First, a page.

The arrancar Grimmjow and Rukia's brother Byakuya make up the last two figures in the set, and they're definitely the best of the lot. Why? Well, because they have some unique design characteristic on their heads, which is the only place that matters on these figures. Grimmjow has his Hollow mask covering his cheek, as you can see, and Byakuya has his hairpiece (which is an utterly insane thing to put in your hair, if you stop and think about it for a while). When you look at the toys, and only see their enormous heads, you can still immediately identify the characters, thanks to these pieces. Still, you can see that Byakuya has the same face as everyone else, and only Grimmjow has his own unique expression of a half-smile.
I don't mean to bitch — wait, actually I do, since that's more or less what I'm paid for — but it's a crime for these figures to be so boring. I'm not a toy designer, but it's just common sense — if you're going to create a toy with a standard body, then you have to give the face more detail (see Diamond's Mini-Mates) to compensate; if you pony up for decent, individual body sculpting, then you can have a generic face (see almost every other gashapon set ever). You standardize both, and they are boring and actually kind of crappy; I can't tell you how many times I confused Hitsugaya and Grimmjow because their hair is so similar, and the same with Rukia and Uryu. That's bad toy design.
But the worst part is yet to come. You know how there's 10 characters in the toy design art up above? That's because these bottom four are variants… variants in that they have slightly different mouths than the original characters (who, as you should recall, have two expressions between the six of them). Basically, Ichigo, Rukia, Hitsugaya and Grimmjow each have a “variant” which is nothing more than to pad out the line. Behold the amazing difference between the two Ichigos:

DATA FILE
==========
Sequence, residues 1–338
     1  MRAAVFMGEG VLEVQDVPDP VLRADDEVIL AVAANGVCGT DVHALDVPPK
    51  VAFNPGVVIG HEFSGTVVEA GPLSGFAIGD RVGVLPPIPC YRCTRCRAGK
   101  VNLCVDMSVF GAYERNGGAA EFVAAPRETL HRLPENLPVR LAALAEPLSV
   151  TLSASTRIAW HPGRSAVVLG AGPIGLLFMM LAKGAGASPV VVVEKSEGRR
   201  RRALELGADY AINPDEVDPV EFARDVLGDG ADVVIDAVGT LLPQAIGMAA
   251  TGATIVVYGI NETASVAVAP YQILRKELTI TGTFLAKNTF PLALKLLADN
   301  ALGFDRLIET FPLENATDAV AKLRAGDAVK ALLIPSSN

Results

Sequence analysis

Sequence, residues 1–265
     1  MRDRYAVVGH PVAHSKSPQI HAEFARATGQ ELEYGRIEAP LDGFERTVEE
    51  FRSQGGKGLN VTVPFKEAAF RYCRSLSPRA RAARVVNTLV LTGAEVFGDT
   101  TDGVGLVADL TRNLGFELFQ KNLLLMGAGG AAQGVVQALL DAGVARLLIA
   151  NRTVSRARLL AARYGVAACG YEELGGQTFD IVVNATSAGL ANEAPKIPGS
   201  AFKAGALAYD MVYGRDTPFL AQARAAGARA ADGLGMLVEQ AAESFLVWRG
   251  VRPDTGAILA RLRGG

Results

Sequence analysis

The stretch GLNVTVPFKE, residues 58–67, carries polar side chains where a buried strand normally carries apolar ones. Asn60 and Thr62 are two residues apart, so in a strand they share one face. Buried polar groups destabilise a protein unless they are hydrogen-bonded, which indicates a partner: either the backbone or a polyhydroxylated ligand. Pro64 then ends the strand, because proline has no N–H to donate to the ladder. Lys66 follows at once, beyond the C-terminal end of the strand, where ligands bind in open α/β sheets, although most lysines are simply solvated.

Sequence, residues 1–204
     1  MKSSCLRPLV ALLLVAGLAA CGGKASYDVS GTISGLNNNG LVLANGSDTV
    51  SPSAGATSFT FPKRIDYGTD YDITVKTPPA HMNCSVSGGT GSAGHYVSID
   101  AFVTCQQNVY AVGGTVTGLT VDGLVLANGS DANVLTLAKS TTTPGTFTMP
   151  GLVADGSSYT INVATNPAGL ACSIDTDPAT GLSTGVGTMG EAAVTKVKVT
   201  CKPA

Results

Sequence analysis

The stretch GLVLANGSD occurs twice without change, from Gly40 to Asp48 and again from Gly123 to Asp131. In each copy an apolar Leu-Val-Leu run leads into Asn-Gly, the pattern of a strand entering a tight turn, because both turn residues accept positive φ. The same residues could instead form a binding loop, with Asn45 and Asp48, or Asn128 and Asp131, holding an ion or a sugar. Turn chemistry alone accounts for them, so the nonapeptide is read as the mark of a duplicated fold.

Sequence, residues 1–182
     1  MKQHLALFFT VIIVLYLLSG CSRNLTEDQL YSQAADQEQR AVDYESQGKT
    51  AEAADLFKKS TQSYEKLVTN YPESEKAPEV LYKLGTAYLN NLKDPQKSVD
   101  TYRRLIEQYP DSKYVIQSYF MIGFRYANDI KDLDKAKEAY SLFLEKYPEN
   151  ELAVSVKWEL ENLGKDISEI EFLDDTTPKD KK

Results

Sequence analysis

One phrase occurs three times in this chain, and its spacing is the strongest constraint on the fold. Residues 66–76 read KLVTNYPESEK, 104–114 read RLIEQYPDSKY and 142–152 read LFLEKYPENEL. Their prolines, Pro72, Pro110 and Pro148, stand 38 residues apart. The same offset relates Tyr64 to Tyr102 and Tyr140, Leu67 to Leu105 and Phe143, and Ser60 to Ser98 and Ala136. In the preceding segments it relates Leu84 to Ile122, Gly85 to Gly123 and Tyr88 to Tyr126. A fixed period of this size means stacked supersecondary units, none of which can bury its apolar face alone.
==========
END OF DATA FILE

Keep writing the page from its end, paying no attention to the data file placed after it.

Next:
…yeah. The second Ichigo's mouth is slightly open. Awesome. So you know, the variant Rukia has her mouth open in a circle, the variant Hitsugaya has a slightly different snarl than Ichigo, and the variant Grimmjow has an open mouth smile instead of a closed one. Forgive me if I don't show you the others, if only because unless you are looking at the characters at eye level, you can't see their damn mouths anyways.
For $50, these things are a steal — meaning they are stealing money from you. These figures aren't worth $3 each, let alone $5, because that money went nowhere that can be seen on the toys. Bizarrely, this is one of the few times I can say that these figures are worth less the more you get; if you pick one up, say at a con or something, that's not bad. One cute Ichigo would look fine on a desk or shelf somewhere. But buy them all, and then you show off how much they all look alike, and how lazy Bandai was to pump them out. Basically, buy one, or buy none.
Admittedly, Krauser thinks the more the merrier, but you can't trust what that guy says. FYI, Bandai also made thumbnailook's for both Gintama and Naruto Shippūden; the Naruto ones actually look pretty good, because they all have headbands and more distinct designs which Bandai actually tried to replicate. However, the Gintama ones look even more boring than these Bleach figures — and both sets have four terrible, inconsequential variants, same as this one. You've been warned.
You can read more of Rob Bricken's bitter, needlessly mean-spirited thoughts on toys and many non-anime subjects over at ToplessRobot.com (safe for work).